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New Scotland Archives — The Altamont Enterprise, September 11, 2008

Carrow plans to break ground this fall
Senior district goes through

By Jo E. Prout

NEW SCOTLAND — With a split vote, the planning board here last week approved the creation of a residential senior-housing district behind the medical building on New Scotland Road.

Questions of water and sewer access are still unanswered, and the proposed but unrelated big-box mall down the road made some board members question the placement of senior housing within a commercial zone.

“If the big-box mall goes in, is this appropriate for seniors?” asked board member Kevin Kroencke. “This is always a commercial area.”

“It’s an amazing-looking project,” said board member Charles Voss, who cast the sole negative vote. He shared Kroencke’s concerns with the possibility of a large retail area nearby. Voss suggested that the planning board table the decision on the senior-housing district until the town makes a decision on the large-scale retail zoning. He also suggested that the board wait until water access has been finalized.

“If the applicant does not get water and sewer,” Voss said, “it’s dead in the water.”

“This site here meets the town highway standards for the development, itself,” said Planning Board Chairman Robert Stapf.

The project

Charles Carrow, the owner of New Scotland OPC, LLC, owns the medical facility at 1882 New Scotland Road and the 6.9 acres behind it where he plans to build the senior-housing project. The proposed senior housing project includes plans for 30 single-story units with two homes per unit.

In March, a year-and-a-half after Carrow first requested it, the town board adopted a senior overlay district. It passed 4 to 0, with Councilwoman Deborah Baron abstaining because her husband had business interests in Carrow’s proposed development; Robert Baron would act as the project contractor for the development, he said earlier.

The floating zone allows for senior housing to be built on any parcel, regardless of its current zoning designation, providing that it gets approval. It is an effort to streamline the process for developers, which will encourage the growth of senior housing in the town, said Councilman Richard Reilly at the time. Reilly was largely responsible for drafting the bill.

The proposal was severely criticized by some residents who said the law wasn’t tailored to seniors’ needs and who raised questions about whether the overlay district was primarily a means to let Carrow build residences in a commercial zone. 

The law has a sunset provision, which requires that construction for a project begin within two years of its approval or the land will revert to its original zoning, and it has a surviving-child clause, which allows the child of a deceased senior citizen to remain in his parent’s home for up to six months.

Stormwater management would take place on site, Stapf said at last week’s meeting, with one grinder pump placed in each unit.

The project seeks an extension of the Heldervale water and sewer district.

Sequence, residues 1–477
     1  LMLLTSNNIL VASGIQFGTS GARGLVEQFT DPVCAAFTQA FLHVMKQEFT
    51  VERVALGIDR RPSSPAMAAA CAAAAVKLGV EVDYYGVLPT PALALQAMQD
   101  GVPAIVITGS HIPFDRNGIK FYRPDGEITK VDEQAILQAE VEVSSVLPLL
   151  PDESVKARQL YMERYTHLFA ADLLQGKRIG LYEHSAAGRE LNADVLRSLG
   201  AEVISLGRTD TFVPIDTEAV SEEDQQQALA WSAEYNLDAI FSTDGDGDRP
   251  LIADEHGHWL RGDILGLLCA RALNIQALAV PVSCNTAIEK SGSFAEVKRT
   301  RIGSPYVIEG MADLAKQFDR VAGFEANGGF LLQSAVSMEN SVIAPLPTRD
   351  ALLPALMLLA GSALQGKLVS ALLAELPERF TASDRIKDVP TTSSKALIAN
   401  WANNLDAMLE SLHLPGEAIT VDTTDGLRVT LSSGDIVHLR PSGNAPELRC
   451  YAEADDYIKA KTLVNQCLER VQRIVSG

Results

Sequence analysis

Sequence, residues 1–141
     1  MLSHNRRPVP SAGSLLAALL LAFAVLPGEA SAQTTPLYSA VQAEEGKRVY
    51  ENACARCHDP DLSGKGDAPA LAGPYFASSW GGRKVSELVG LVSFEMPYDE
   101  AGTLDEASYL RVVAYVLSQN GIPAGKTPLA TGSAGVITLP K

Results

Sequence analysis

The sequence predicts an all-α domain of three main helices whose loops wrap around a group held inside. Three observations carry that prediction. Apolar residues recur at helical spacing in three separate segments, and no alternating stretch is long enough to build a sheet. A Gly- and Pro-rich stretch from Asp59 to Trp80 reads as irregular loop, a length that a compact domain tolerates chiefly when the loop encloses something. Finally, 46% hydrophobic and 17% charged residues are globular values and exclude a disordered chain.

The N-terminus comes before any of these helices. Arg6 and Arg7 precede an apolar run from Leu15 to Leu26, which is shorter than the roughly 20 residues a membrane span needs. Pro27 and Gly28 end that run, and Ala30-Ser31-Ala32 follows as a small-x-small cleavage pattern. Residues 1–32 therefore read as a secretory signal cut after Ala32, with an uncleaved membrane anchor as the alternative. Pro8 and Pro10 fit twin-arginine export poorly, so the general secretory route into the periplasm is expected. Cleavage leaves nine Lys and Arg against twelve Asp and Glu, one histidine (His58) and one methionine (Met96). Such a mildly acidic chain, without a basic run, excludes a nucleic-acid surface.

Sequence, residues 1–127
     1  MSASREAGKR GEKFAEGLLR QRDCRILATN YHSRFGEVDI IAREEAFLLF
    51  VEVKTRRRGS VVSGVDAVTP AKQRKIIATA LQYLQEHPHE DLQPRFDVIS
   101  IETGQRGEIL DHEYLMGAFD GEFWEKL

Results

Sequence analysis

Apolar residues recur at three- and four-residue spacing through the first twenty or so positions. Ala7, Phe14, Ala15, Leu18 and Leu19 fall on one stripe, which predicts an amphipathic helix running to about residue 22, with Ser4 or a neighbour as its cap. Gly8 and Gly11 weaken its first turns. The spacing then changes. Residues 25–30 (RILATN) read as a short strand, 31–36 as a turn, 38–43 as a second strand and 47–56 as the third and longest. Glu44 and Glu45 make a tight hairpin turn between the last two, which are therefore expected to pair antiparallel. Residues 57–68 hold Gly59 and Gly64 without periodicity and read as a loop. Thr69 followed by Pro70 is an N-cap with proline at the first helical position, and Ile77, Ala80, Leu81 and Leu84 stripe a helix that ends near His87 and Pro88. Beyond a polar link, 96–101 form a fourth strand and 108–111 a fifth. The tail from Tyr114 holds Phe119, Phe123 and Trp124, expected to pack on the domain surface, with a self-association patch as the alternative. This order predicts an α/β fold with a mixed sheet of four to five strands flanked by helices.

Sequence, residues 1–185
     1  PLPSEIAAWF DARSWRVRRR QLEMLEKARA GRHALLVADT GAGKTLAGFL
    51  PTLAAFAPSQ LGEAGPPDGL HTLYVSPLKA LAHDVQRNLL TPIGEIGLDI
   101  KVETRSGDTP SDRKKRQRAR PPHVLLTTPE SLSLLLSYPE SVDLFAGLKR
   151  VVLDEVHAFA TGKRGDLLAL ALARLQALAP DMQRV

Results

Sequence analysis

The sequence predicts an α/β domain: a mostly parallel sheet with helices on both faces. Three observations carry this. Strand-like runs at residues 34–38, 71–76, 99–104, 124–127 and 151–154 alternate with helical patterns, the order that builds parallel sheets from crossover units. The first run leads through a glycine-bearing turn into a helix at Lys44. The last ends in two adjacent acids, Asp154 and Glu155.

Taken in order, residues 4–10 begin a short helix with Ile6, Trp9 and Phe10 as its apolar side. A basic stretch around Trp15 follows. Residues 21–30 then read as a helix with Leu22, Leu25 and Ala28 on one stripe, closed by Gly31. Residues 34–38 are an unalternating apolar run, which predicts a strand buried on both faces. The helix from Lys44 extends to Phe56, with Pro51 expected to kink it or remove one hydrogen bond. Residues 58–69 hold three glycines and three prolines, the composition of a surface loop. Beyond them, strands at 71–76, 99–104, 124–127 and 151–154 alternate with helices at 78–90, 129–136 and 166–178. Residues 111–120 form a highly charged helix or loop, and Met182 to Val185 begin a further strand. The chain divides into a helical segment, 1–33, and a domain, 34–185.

“An agreement has not been reached. It is in progress,” said town engineer Keith Menia of Stantec, Inc. in Albany.

Carrow told The Enterprise that he will present a site plan at the November town board meeting, and break ground soon after.

“Hopefully, water and sewer issues will be worked out by then,” he said.

Carrow said that the road system for the project will be installed, and the lots marked, before construction begins as soon as possible.

“I work all across the country,” he said. He said that his company is one of the biggest commercial real estate companies in the Northeast. “I manage six million square feet of commercial space,” he said.

Carrow, a Guilderland native, disagreed with Voss’s interpretation of zoning near the proposed senior-housing project.

“This gentleman clearly has a vision of New Scotland being a commercial [area]. As a resident, and as a professional, I don’t think New Scotland is nearly ready to turn into a commercial sector,” Carrow said.

About the proposed box mall at the corner of routes 85 and 85A, Carrow said, “That’s speculation. I don’t see that in our near future.”

Gregory S. Widrick, a managing partner for Sphere Development LLC, the development company that has proposed a large retail space off the corner of Route 85, declined comment on the appropriateness of a senior-housing complex near his proposed retail center.

“I have no comment and probably won’t,” he said, because of the last Enterprise editorial about the project.

Carrow said that many people who choose to live in New Scotland choose it because of its countryside.

“We can live in the country and drive five miles and go to Target and Lowe’s,” he said. Turning the Route 85 corner into a commercial plaza is unlikely now, he said.

“It’s in our future, way out,” Carrow said.

“We’re going to develop more taxes there” with the senior housing, he said. The project will not receive incentives or amenities from the town, but it will pay full school and town taxes, he said. The housing project is “a full tax-paying entity. It doesn’t add any stress on the school district,” he said.

“The need for the future is housing for senior citizens,” Carrow said. “The baby boomers are coming of age. There’s a need for quality housing. We’re not over-pricing these. We’re not under-pricing these.” The units are expected to sell for under $300,000.

 “We’ve received a lot of interest,” he said, “and a lot of calls.”

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